Cubs Forget How To Work Count

The Cubs gave a glowing example of yesterday’s post–Cubs Win With Patience–during its 4-2 loss against Cincinnati on Tuesday night.

Chicago’s lack of plate patience allowed Reds starter Mike Leake to reach a single game career-high of nine innings pitched, doing so on just 91 pitches.

The Cubs, impatient as usual, were first strike swingers all the way. Leake never tired, of course, and set the Cubs down one by one, inning after inning.

Leake needed a touch over 80-pitches to reach the eighth inning unscathed with the exception of Alfonso Soriano’s second inning single. Otherwise, Chicago never threatened offensively.

Until pinch-hitter Bryan LaHair reached the plate in the bottom of the ninth, the Cubs had hardly worked Leake into a hitter’s count all night.

Lo and behold, after Castro reached on a weak infield single, LaHair got ahead 2-0 before crushing his game-tying 2-R HR deep into the right field bleachers, ruining Leake’s bid for his first career shutout, and sending the game into extra innings.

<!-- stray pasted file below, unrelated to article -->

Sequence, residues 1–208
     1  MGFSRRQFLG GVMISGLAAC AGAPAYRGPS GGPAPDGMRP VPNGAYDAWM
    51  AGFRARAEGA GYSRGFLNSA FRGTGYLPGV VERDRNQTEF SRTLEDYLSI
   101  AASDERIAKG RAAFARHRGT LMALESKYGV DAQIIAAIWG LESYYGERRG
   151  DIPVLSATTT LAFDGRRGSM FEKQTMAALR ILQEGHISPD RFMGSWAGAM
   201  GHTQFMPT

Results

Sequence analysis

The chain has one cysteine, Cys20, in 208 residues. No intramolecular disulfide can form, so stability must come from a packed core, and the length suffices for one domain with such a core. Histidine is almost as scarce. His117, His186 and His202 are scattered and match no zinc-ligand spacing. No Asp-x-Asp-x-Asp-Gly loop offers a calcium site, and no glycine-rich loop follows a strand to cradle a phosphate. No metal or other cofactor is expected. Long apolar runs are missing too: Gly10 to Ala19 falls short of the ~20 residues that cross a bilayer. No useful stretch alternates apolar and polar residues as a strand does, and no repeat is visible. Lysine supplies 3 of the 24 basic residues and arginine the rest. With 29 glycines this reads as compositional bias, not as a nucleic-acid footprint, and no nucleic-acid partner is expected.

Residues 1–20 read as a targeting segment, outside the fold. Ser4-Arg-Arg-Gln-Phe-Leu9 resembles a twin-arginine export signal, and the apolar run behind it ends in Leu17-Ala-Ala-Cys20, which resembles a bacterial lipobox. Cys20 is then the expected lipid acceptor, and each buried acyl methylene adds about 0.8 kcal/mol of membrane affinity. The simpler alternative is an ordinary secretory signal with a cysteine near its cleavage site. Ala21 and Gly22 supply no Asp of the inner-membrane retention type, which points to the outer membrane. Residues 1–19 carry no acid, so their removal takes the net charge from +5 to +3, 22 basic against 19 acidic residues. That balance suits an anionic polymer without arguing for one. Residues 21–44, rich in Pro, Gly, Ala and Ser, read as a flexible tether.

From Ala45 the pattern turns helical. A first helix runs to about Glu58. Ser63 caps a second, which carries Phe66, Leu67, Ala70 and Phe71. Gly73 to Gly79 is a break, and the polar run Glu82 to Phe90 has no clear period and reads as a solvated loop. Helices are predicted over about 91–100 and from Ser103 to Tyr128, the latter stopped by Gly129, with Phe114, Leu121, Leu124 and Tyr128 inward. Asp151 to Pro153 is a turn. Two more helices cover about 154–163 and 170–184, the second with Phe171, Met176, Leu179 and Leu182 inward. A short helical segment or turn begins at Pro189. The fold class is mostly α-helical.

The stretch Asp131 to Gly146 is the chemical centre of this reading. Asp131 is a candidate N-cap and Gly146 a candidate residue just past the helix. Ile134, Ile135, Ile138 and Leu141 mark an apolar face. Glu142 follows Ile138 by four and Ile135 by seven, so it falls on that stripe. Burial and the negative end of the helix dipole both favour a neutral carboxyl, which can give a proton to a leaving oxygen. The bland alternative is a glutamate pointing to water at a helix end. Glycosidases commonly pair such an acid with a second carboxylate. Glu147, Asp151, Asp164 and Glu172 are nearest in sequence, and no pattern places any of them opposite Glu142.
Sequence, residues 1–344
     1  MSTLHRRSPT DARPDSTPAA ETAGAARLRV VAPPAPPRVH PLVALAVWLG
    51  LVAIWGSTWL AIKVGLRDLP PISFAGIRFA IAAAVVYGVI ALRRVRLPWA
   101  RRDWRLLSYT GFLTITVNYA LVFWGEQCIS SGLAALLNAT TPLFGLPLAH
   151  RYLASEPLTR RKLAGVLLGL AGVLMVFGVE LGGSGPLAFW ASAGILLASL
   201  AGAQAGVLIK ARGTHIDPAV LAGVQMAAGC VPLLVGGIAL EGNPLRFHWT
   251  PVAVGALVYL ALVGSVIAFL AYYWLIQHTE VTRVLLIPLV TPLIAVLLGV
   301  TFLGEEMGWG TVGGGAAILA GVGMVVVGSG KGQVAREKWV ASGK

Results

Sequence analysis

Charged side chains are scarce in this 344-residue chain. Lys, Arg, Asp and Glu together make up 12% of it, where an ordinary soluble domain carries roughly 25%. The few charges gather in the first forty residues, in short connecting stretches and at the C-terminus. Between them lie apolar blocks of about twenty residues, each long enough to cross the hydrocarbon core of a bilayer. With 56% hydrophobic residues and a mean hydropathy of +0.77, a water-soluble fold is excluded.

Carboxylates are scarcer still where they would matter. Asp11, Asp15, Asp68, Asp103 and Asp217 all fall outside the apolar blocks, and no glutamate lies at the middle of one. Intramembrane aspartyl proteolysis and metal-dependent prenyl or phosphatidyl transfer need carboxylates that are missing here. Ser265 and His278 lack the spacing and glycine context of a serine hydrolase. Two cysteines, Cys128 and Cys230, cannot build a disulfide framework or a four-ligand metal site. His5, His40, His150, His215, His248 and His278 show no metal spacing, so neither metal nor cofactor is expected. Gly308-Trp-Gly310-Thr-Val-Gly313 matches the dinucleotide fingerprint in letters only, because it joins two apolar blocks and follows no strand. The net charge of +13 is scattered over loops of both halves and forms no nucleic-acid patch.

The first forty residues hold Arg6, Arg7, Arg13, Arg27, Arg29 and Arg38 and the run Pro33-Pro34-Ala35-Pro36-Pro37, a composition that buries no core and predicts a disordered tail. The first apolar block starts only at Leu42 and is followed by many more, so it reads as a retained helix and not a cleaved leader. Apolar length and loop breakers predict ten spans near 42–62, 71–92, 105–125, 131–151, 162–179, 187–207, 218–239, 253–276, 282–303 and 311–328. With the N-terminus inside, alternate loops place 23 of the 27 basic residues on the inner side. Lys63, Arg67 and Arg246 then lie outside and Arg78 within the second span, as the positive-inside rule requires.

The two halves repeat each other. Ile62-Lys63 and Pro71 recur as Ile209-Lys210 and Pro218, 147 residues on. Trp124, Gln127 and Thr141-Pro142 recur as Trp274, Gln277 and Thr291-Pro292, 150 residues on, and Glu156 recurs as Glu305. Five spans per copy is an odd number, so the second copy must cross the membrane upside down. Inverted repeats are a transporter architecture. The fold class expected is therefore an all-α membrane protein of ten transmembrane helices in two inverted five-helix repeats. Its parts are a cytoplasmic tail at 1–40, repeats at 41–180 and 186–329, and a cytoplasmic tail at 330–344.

If only the Cubs would learn to work the count sooner…


I’ve got as much confidence in John Grabow as I did when Bob Howry was wrapping up his career with the Cubs in 2010–Zero.

So there was little surprise on my end when Grabow allowed the eventual game-winning runs to score in the top of the 13th-inning Tuesday night.

How Grabow hoodwinked Jim Hendry into a 2-yr, $7.5M dollar deal I’ll never understand.

Since joining Chicago mid-way through the 2009 season, Grabow is an unimpressive (4-4) with an ERA roughly around 5.00.

In addition to missing a significant amount of time recovering from a knee injury, Grabow has been less than serviceable as the always coveted left-handed reliever, which is exactly why I believe Hendry settled to resign him in the first place.

Left-handed or not, removing Grabow off the roster this offseason is a no-brainer.


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One response to “Cubs Forget How To Work Count

  1. Pingback: Bullpen Brian :: Cubs Forget How To Work Count » Sports Blog

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